|THE DAWN OF THE SPACE AGE|
October 13, 1997
Return to this forum's introduction.
Questions answered in this forum:
What technological advances were achieved by the Russians when they launched Sputnik? Why did the Russians bet America into space? Did Sputnik undermine America's trust in its government? What were servicemen told when Sputnik was launched? Where will the next Sputnik come from? Was Sputnik's real legacy economic? Can anything replace the Cold War as a motivation for space exploration?
Ned Bagno of Clayton, CA, asks:
I raised the subject with my father in law over dinner this evening. He was told in a brief aboard ship that Sputnik was "a joke" and they had nothing to worry about. I told him that they didn't want anyone to get scared and desert! He would not consider my point that America was shaking in their boots at the thought of the Russians in space. I was born in 1961 so how could I know? What was the military telling these folks?
Dr. Keith Benson of the History of Science Society responds:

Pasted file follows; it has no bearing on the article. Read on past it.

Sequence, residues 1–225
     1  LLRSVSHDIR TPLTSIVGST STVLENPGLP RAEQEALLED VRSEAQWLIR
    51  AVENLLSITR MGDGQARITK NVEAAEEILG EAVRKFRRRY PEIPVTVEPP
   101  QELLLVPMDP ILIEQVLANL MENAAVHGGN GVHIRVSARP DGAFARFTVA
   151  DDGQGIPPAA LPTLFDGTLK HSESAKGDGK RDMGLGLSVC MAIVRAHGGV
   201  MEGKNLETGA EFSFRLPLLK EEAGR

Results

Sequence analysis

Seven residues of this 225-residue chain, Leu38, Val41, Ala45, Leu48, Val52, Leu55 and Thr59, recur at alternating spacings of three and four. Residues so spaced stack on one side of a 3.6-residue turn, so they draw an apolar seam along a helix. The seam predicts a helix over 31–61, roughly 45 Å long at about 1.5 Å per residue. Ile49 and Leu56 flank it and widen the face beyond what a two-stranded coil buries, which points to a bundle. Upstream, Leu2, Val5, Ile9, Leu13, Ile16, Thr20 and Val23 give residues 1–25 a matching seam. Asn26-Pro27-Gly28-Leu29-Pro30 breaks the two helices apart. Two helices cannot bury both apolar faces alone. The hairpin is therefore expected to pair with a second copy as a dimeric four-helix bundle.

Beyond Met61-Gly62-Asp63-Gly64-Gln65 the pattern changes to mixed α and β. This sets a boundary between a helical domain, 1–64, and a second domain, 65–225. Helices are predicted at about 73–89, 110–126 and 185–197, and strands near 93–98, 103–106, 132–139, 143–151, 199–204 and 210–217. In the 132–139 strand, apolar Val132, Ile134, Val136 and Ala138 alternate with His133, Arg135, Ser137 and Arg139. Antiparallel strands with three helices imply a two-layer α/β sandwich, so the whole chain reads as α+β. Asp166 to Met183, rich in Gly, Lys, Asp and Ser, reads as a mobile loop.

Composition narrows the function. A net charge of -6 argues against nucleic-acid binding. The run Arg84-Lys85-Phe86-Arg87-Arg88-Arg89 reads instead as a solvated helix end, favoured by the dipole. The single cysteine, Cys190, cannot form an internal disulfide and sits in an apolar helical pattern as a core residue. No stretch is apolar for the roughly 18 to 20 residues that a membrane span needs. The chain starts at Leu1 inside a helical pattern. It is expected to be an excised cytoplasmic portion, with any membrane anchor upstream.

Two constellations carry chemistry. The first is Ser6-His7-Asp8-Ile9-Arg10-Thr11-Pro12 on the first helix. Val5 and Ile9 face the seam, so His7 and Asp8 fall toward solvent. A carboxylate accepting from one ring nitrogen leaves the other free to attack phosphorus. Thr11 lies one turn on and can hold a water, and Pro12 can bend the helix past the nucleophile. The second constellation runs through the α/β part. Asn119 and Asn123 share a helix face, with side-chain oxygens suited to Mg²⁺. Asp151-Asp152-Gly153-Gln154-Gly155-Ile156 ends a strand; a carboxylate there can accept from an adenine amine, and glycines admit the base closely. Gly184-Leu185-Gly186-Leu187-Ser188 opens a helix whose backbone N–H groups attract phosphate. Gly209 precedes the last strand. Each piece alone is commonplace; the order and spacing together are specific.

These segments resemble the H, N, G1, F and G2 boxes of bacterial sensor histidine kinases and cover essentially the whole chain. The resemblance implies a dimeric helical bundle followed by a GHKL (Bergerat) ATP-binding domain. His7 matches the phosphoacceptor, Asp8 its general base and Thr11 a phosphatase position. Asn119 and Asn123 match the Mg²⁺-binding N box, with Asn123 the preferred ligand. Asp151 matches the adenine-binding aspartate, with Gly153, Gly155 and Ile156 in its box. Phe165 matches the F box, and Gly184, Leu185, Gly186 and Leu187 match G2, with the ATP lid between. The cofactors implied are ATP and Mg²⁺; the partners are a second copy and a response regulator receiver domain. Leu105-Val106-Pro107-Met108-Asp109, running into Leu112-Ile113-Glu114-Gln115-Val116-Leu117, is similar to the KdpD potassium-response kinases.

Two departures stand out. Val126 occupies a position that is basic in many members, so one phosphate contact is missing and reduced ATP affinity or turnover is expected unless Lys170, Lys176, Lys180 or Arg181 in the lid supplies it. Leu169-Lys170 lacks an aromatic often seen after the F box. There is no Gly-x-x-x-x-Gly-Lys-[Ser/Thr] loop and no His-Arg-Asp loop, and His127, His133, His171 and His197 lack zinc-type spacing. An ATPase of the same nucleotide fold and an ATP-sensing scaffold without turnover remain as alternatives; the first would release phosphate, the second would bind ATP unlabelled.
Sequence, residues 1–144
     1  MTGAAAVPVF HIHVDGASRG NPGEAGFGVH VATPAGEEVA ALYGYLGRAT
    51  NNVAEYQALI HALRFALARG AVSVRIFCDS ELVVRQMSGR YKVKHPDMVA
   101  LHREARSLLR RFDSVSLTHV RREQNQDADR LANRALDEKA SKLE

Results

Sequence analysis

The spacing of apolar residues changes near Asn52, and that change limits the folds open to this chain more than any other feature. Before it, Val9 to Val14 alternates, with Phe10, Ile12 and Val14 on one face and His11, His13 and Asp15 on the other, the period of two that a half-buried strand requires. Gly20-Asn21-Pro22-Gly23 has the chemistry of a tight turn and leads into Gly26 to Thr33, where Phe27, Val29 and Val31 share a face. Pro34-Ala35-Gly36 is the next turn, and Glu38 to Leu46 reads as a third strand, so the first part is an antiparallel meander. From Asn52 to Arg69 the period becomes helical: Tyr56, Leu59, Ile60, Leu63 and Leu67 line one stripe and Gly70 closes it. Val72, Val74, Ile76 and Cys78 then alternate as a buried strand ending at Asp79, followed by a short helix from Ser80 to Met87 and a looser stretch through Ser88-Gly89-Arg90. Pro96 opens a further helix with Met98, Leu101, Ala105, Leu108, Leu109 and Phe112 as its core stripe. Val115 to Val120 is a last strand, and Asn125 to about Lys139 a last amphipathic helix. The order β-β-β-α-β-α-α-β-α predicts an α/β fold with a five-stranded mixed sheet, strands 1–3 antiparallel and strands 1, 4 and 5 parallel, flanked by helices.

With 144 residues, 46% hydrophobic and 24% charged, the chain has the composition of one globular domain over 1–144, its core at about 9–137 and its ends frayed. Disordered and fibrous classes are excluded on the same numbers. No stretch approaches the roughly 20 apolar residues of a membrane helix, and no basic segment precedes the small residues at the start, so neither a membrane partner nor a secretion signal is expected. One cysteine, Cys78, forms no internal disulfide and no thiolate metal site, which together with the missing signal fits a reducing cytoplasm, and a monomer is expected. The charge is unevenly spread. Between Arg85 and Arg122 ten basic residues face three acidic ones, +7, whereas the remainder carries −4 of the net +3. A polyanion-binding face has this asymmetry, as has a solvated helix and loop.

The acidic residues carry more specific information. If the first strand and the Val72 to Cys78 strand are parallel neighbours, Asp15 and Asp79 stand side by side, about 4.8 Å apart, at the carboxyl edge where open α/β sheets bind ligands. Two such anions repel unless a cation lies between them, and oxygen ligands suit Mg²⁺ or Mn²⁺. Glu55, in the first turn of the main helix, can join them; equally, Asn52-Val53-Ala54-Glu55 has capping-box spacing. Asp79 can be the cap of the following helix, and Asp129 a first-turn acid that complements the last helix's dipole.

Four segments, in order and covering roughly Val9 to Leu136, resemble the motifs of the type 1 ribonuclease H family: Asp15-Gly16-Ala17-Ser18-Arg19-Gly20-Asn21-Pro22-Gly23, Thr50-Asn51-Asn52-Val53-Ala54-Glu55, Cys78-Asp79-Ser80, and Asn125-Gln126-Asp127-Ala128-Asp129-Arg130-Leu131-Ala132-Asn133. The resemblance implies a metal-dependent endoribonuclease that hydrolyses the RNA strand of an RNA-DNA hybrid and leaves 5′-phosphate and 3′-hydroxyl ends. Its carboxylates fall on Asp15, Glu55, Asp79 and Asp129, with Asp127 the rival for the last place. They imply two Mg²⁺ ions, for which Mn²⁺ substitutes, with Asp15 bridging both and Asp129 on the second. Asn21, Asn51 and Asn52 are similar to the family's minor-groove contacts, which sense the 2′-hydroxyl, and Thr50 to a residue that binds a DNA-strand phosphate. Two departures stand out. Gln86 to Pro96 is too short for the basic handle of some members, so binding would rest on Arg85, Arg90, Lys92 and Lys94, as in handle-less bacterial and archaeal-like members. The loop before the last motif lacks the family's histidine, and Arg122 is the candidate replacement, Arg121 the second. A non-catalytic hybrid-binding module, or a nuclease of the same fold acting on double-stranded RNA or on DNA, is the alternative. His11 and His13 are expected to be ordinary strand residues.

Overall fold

I can only reply that our air raid exercises in school accelerated after 1957. Whether this was a deliberate effort by the military to keep Americans scared and, therefore, supportive of military initiatives, I do not know. I would prefer to believe that many Americans were, indeed, afraid.
Haynes Johnson, journalist and author, responds:
You're right, and your father-in-law wrong: Americans did go into a panic over the launching of Sputnik. But it was a panic that was undeserved. America then was immensely ahead of the Soviet Union militarily, economically, technologically, and scientifically. Our leaders seized on the fear of losing the Cold War and of Russian missiles poised over our very heads, to spur even greater spending for defense and space-and-missile development.
Our military did contribute to the hysteria, and used the fear to extract even greater financial commitments--really, a blank check--from congress in the Fifties, Sixties, Seventies, and Eighties.
Next: What will be the next "Sputnik"?